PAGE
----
Thursday, January 17, 2008

Global Competition in the Flat World

The cliché that the world is getting flat is dramatically true for today’s organizations. With rapid advances in technology and communications, the time it takes to exert influence around the world from even the most remote locations has been reduced from years to only seconds. Business is becoming a unified global field as trade barriers fall, communication becomes faster and cheaper, and consumer tastes in everything from clothing to cellular phones converge, Chowdhury (2004). In the twenty first century, organizations will have to feel “at home” anywhere in the world. Companies can locate different parts of the organization wherever it makes the most business sense; top leadership in one country; technical brainpower and production in other locales. Although this growing interdependence brings many advantages, it also means that the environment for companies is becoming extremely complex and extremely competitive. Organizations have to learn to cross lines of time, culture, and geography in order to survive. Every company, large and small, faces international competition on its home turf at the same time it confronts the need to be more competitive in international markets. Rising managers today need to know a second or third language and develop cross-cultural understanding. Large companies are working to globalize the management structures to remain competitive internationally, while even the smallest companies are searching for structures and processes that help them reap the advantages of global interdependence and minimize the disadvantages.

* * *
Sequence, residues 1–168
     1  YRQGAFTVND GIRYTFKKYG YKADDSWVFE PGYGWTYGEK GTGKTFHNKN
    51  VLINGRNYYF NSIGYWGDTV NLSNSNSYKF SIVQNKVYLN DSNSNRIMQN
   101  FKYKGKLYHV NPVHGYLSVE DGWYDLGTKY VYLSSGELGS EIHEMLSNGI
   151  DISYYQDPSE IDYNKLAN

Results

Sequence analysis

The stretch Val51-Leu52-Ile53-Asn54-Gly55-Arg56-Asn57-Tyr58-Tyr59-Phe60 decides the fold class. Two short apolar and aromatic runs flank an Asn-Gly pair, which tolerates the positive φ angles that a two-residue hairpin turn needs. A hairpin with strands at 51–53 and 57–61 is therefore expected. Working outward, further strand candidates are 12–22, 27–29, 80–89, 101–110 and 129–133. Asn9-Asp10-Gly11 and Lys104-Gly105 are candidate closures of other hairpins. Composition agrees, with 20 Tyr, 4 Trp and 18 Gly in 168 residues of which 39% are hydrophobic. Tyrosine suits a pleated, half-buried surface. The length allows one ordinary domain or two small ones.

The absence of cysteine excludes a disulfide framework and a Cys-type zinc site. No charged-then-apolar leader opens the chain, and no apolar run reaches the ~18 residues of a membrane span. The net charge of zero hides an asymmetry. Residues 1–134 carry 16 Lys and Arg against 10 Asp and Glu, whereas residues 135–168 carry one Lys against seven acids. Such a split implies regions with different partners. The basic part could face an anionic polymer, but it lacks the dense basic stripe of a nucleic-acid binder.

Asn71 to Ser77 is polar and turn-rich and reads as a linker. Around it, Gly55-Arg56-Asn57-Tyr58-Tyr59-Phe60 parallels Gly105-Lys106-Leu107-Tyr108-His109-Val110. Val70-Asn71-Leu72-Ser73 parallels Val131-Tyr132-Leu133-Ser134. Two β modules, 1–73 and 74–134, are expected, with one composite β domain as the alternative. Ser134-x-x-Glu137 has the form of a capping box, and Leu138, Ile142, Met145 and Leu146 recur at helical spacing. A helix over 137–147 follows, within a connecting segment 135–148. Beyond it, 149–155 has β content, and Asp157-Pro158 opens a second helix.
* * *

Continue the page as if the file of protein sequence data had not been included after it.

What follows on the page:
Organizational Turbulence

For much of the twentieth century, organizations operated in a relatively stable business environment, so managers could focus on designing structures and systems that kept the organization running smoothly and efficiently. There was little need to search for new ways to cope with increased competition or shifting customer demands. All that began to change in the 1980s, and today’s organizations are struggling to catch up with the changes that have proliferated since then. Advances in computers and information technology are driving many of these changes at the same time they provide ways to cope with them. We’ll see more turbulence in the days ahead. Fasten your seat belts and get ready for the ride!!

Reference: Chowdhury, S. (2002). Organization 21C: Someday all organizations will lead this way. Upper Saddle River, NJ: Prentice Hall.

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